Hybrid cars may have lots of advantages related to fuel economy, but a recent study performed by the Highway Loss Data Institute found out they’re even safer in a case of crash than their non-hybrid counterparts, MSNBC reports.
The analysis took into account only hybrids that have a gas-only powered sibling, like the Toyota Highlander or Toyota Camry. The Prius wasn’t included not because it’s not safe, but because its nature had been hybrid from the beginning.
The main advantage hybrid cars have over non-hybrid ones is weight. The batteries that help fuel economy in congested traffic situations also help in crashes. Simple, rudimentary physics laws say that the heavier object pushes the lighter one, and the heavier car, in this case, has to suffer least.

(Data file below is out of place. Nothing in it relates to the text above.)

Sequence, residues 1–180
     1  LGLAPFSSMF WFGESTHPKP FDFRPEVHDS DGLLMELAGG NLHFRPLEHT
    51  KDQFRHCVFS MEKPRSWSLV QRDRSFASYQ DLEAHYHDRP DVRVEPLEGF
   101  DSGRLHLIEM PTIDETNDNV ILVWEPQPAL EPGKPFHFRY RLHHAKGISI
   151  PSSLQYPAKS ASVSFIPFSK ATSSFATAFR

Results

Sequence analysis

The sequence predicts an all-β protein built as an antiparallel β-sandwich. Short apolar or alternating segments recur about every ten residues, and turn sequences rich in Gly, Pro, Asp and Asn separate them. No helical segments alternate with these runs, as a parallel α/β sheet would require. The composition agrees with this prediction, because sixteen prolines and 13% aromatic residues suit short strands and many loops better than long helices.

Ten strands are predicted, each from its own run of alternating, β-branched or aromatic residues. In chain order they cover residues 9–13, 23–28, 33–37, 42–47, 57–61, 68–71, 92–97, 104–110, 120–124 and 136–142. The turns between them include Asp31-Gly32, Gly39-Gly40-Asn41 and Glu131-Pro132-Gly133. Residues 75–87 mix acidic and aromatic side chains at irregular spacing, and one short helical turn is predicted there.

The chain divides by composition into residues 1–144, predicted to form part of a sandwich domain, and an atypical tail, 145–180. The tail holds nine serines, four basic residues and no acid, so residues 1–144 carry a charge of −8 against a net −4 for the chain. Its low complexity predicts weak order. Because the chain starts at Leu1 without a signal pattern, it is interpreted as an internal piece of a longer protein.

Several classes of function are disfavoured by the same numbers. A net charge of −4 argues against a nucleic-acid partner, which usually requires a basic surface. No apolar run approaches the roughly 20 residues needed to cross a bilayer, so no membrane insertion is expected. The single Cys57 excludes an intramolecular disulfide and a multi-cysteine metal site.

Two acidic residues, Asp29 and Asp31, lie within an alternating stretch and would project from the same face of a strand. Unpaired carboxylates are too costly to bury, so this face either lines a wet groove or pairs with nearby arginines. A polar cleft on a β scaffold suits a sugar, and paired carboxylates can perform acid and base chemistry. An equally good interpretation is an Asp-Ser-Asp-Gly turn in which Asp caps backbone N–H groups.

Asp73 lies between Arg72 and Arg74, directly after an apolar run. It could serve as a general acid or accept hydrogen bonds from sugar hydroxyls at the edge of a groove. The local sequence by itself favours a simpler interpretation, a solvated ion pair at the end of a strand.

Now I don’t think this “feature” is something engineers had thought about when they built those hybrids. After all, everyone tends to make cars lighter, not heavier for the sake of safety. To be safe, other smart systems have been included in the latest versions of any car, but I don’t think increased weight has been one of them – after all, your safety may mean the other one’s death in this case, which is not completely fair from a certain standpoint.
Another aspect related using hybrids versus non-hybrids is the one of pedestrian safety. While gas-powered cars make some noise, electric motors don’t, and this is one of the reasons many pedestrians aren’t aware that a hybrid is right behind them. The latest hybrid car versions, however, are already being equipped with noise generators, just to give pedestrians that useful feeling of a car being close to them.